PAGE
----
After three months, the Reagans moved out and rented a home on dignified 45th Street.
“Nancy felt that the mansion was just too dilapidated,” Merksamer said. So Ronald Reagan began the process of having a new 12,000square-foot contemporary- style governor’s residence built in nearby Carmichael. The Reagans knew it wouldn’t be finished in time for them to move in but believed that the combination of public and private spaces would make it a future showplace, Merksamer said.
It was nearly done when Jerry Brown took office. But the Democrat and self-described fiscal conservative shunned the new digs, saying that it was a luxury a single guy didn’t need. Instead he rented an apartment and reportedly slept on a mattress on the floor.
That wasn’t going to work for George Deukmejian.
When the Southern California Republican was elected in 1983, he and his family planned to move into the new Carmichael residence.
But the mostly Democratic state Legislature took the same stance as Brown, arguing that holding on to the property was wasteful. The state sold the place to a private developer for $1.5 million, and the proceeds went into California’s coffers.
Deukmejian took up residence in the Holiday Inn. His family stayed in Long Beach until the governor found an appropriate place to live.
He and his top man, Merksamer, formed the Governor’s Residence Foundation and raised private money for a home. In 1984, the foundation purchased a 3,100-square-foot ranch house in Wilhaggin, which later got a small second-story addition to be used as an office.
Governors Deukmejian, Pete Wilson and Gray Davis all took a turn living in Wilhaggin, a leafy neighborhood 15 minutes from the Capitol. “In that home you would have been hard pressed to fit more than 10 people around the dining table,” said Steve Merksamer, a Sacramento attorney, who served as Deukmejian’s chief of staff in the 1980s.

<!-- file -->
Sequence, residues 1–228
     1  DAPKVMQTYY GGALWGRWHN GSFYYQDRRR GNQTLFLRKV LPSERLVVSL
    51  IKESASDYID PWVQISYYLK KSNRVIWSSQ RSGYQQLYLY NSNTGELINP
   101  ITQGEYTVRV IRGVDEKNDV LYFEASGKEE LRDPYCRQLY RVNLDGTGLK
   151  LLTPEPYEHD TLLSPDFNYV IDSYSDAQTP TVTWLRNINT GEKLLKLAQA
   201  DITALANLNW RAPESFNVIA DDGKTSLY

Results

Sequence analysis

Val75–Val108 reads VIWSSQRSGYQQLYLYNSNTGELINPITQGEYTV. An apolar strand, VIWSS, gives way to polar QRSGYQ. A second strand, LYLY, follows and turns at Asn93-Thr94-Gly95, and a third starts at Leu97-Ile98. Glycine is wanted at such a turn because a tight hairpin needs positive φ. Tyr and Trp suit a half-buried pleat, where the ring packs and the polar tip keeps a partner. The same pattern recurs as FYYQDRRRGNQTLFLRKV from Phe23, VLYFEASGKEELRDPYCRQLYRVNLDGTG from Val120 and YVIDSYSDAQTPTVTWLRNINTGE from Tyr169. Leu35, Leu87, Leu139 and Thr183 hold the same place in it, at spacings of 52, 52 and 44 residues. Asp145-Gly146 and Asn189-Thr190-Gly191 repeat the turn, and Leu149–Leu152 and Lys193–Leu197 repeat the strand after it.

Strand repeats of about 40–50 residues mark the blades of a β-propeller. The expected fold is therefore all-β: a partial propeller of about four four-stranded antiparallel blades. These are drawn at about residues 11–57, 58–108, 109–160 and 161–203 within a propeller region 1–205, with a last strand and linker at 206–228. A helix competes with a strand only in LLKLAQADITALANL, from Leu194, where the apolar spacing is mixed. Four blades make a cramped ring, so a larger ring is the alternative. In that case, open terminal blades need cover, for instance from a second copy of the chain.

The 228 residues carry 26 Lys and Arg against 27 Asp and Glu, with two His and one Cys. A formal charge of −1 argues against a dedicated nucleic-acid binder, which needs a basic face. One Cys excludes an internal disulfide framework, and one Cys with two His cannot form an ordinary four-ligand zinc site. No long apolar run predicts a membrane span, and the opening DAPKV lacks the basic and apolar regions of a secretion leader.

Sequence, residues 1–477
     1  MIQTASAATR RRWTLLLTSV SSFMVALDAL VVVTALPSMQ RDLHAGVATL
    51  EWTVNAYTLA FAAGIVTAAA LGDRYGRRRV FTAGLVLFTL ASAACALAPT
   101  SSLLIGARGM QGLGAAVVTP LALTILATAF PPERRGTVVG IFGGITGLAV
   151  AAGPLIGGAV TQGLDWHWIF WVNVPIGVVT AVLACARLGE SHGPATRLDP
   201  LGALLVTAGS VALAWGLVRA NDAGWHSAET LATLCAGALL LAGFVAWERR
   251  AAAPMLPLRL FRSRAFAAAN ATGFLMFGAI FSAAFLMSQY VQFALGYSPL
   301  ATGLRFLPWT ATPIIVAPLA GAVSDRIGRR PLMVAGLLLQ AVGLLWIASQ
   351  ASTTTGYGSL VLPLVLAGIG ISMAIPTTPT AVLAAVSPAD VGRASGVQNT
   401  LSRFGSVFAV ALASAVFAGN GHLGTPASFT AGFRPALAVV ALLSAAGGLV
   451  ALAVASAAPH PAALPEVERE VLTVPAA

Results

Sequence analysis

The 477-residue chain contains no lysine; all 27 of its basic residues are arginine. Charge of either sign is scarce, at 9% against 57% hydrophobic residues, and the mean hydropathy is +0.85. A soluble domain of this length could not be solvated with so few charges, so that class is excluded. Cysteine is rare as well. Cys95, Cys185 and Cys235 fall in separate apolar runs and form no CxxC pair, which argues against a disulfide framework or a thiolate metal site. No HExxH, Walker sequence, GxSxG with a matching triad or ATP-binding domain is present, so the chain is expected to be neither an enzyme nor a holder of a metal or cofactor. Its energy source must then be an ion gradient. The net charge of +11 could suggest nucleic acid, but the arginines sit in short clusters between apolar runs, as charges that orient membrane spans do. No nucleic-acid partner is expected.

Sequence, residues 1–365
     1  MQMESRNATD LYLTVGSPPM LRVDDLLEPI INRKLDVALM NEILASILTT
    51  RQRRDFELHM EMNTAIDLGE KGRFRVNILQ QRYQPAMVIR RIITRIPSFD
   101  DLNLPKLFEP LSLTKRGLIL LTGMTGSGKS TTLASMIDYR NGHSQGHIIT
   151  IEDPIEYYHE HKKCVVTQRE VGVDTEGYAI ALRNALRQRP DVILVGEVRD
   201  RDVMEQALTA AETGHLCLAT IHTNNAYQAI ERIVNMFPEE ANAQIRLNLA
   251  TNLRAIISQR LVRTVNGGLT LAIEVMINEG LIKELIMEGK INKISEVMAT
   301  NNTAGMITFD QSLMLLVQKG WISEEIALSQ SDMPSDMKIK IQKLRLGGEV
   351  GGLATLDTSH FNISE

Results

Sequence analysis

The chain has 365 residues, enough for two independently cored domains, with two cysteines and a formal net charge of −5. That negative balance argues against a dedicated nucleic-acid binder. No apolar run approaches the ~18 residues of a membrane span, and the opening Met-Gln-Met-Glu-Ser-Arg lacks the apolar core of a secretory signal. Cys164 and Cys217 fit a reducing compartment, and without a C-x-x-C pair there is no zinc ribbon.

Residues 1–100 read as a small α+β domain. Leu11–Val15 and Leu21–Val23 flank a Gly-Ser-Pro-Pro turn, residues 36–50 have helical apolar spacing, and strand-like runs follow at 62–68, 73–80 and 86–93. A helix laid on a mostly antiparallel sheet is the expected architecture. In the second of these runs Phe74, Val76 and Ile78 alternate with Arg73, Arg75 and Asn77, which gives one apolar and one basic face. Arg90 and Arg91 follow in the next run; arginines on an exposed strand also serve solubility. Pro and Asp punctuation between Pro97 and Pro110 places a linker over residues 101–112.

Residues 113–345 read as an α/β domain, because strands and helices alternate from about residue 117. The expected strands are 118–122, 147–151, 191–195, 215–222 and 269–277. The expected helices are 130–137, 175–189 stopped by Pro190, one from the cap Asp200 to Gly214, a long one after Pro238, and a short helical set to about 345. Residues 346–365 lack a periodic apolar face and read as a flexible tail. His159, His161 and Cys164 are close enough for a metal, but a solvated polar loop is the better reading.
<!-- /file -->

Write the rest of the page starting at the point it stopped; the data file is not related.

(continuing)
Except for casual outdoor barbecues, the house wasn’t suitable for entertaining visiting dignitaries. So Deukmejian and later governors used hotel ballrooms and even the Capitol’s rotunda. Eventually the Leland Stanford Mansion, also a state park museum in downtown Sacramento, was refurbished for holding state dinners.
In 2003, when Davis was governor, the residence foundation was disbanded, the home in Wilhaggin was sold and the money donated to charity, Merksamer said.
Davis was in the midst of forming a new foundation and had already picked out a property to move into when he was recalled.
“It’s very unfortunate that we don’t have a governor’s residence,” Merksamer said. “We’re the eighth- or ninthlargest economy in the world, yet our chief executive isn’t even given a place to live or entertain guests from around the world. It’s really sad.”
“The cost to the taxpayer is hard to justify,” said Jeff Macedo, Gov. Arnold Schwarzenegger’s deputy press secretary. A private foundation foots the bill for Schwarzenegger to live part time in Sacramento’s Hyatt Regency hotel, said press secretary Aaron McLear. But mostly the governor commutes from his home in Los Angeles at his own expense.
Both Whitman and Brown have said that unlike Schwarzenegger they plan to live full time in the capital. Both will dig into their own pockets to buy homes there.
And it’s a good thing.
Besides the lack of an official governor’s residence, there’s no housing allowance.